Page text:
MORENO VALLEY, Calif. — Once heralded as a vital check on corporate influence over government, California’s ballot initiative system — which allows residents to propose laws and approve them by popular vote — has been used to sharply cut property taxes and to enact the country’s first medical marijuana law.
But these days, developers are using the process for another purpose: to sidestep state environmental laws and speed major developments.
Plans for a stadium in Carson, a shopping center north of San Diego and a vast warehouse complex in Moreno Valley were approved last year using the ballot initiative process. Another ballot measure petition hastened construction of a stadium in Inglewood, where the Los Angeles Rams of the National Football League will play.
There is a twist, though: Residents often do not even have a chance to vote.
Once 15 percent of eligible voters have signed a petition, a project qualifies for the ballot, and local elected officials can call a special election or accept the proposal without negotiating changes. Officials often approve the project to avoid paying for a special election that could further strain tight budgets.
Supporters of the ballot measures say they allow residents to override a broken system in which lawsuits and environmental reviews can delay projects for years.
But environmentalists argue that the arrangement grants special privileges to developers, even if only a relatively small fraction of residents support a project. And land-use experts say the strategy will become more common unless the state government steps in to curtail it.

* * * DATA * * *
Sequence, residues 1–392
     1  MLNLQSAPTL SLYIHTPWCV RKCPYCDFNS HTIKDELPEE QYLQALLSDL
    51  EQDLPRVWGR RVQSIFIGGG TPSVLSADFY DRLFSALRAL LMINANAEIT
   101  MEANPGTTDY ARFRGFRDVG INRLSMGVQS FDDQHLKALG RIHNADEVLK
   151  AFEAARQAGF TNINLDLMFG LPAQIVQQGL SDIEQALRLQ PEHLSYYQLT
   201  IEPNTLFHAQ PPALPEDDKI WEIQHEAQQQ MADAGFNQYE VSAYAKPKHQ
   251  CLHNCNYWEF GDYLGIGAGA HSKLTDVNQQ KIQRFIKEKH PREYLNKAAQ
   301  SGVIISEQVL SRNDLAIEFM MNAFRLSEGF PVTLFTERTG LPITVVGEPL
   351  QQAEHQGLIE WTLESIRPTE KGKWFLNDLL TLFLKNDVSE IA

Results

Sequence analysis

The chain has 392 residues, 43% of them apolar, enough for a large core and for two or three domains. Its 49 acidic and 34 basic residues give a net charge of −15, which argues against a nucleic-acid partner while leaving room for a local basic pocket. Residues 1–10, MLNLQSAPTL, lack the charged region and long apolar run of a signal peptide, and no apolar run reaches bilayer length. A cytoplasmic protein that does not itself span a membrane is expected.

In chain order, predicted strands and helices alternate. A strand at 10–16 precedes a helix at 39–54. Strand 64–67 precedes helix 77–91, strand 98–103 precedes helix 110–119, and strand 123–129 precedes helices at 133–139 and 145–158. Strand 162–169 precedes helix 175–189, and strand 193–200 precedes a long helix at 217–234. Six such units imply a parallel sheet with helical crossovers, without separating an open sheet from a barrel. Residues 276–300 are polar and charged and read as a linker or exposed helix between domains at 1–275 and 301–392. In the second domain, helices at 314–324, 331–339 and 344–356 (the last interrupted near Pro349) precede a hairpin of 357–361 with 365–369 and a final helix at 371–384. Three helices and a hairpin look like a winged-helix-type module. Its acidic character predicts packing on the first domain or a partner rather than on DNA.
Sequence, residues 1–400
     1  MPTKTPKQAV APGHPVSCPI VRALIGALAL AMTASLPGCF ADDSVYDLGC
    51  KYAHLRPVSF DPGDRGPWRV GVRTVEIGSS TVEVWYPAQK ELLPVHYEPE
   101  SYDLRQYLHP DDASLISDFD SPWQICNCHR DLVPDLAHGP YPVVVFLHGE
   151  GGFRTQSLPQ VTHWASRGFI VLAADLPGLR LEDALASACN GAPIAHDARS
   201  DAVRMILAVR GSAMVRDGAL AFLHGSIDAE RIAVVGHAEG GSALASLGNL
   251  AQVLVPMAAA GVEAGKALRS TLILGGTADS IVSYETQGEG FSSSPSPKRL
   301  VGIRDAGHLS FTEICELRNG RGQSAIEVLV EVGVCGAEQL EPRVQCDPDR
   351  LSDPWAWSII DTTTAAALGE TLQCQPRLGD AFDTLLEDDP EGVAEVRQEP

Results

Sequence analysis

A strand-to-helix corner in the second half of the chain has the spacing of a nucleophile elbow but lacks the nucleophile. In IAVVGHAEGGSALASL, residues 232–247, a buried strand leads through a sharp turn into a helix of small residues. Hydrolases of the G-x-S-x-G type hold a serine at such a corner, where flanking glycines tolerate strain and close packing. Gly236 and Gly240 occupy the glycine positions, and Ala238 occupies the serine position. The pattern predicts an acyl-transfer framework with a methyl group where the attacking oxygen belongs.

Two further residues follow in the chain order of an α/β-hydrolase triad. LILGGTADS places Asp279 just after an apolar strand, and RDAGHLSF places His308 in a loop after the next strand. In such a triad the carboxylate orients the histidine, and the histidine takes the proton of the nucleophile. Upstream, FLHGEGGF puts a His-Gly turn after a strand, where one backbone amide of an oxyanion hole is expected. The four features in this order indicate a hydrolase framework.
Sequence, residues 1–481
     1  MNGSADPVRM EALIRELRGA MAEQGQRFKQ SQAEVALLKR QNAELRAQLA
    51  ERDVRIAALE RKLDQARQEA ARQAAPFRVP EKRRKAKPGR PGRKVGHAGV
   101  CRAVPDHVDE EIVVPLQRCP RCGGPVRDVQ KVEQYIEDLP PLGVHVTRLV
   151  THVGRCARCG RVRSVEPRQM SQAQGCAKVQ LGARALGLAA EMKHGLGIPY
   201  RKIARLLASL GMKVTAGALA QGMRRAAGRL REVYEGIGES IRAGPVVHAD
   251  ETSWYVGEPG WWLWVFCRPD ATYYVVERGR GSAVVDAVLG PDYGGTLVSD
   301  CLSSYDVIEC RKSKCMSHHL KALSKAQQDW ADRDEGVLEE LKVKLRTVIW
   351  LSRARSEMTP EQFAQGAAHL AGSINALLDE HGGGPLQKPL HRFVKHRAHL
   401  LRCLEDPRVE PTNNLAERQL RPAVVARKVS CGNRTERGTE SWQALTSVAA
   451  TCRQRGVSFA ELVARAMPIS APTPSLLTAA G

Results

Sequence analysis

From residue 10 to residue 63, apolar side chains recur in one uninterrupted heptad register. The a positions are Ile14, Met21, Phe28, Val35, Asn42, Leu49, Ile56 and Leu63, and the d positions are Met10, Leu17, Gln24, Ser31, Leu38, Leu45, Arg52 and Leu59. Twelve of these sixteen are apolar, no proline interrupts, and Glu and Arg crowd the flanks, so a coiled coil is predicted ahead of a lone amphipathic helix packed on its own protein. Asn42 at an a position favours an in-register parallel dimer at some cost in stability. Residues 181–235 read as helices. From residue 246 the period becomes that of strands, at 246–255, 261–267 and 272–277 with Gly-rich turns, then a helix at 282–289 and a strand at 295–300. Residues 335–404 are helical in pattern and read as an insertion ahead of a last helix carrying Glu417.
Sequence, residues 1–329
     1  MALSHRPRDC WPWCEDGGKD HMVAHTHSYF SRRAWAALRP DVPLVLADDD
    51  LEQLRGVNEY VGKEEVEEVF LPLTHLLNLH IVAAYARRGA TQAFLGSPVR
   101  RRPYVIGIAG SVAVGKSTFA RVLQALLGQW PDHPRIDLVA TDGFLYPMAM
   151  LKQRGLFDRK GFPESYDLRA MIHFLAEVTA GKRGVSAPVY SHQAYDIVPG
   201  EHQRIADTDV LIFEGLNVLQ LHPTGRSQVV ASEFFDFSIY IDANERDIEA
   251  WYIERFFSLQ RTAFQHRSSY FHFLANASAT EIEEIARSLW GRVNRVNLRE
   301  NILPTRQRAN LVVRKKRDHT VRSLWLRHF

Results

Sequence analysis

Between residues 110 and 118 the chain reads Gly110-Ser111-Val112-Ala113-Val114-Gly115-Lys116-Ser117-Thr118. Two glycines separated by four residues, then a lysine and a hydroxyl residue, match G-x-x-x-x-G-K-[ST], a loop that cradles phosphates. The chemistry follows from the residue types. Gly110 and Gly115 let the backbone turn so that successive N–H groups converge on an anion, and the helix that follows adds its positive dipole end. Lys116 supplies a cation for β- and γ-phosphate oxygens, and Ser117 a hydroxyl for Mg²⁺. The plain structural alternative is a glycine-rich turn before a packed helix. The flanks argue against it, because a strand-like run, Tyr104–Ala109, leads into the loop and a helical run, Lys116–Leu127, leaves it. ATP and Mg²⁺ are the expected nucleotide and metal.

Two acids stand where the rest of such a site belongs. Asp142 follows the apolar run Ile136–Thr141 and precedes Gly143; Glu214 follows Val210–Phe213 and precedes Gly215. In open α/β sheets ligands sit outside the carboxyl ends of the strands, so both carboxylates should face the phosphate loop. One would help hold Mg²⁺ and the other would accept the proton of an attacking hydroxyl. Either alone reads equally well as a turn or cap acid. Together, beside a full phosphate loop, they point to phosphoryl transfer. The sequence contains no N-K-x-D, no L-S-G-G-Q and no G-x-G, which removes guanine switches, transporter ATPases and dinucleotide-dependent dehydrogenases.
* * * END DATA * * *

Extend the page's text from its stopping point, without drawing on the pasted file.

So far, the issue has failed to attract much attention in Sacramento.
“We’ve ended up with a warping of direct democracy to defeat strong environmental laws,” said Douglas Carstens, a lawyer specializing in land use and the environment. “It’s ramping up. Within a year or two, people will realize what a bad situation this is.”
Developers have complained for decades about the California Environmental Quality Act, which is far more exacting than federal regulations. The state law requires them to identify and mitigate the environmental effects of their projects. No state agency oversees the law; it is enforced only by lawsuits. Written broadly, the law allows almost anyone to sue, claiming environmental harm that can range from destroying animal habitats to blocking a view. The litigation can add years and millions of dollars to a project’s cost.
Walmart has pioneered the use of ballot initiatives to speed construction over the last decade. Since 2009, the company has taken plans for stores to the ballot in at least nine cities across the state; elected officials approved the measures without a vote in eight of those cases.
The company recently gathered enough signatures in Desert Hot Springs for a ballot measure that would clear the way for a new superstore.
A Walmart spokeswoman, Delia Garcia, said the ballot initiative was “a way to move the process forward,” but she would not address whether the company was using the process to avoid potential lawsuits.
“We really wanted to give the public a chance to weigh in,” Ms. Garcia said of the decision to put the Desert Hot Springs store on the ballot. “We knew there was strong community support. In 21 days, we surpassed the required number of signatures.”
The California Supreme Court affirmed Walmart’s strategy in a 2014 decision rejecting a challenge to the company’s expansion of a store in Sonora. An elected board, the court ruled, may approve a ballot measure petition without a special election, and that project can then bypass an environmental review.
After the decision, more developers began following Walmart’s approach.
The court ruling offered “a road map” for how to avoid the environmental review process, said Richard Frank, a former chief deputy attorney general in California who began working on Environmental Quality Act cases shortly after the law was signed in 1970.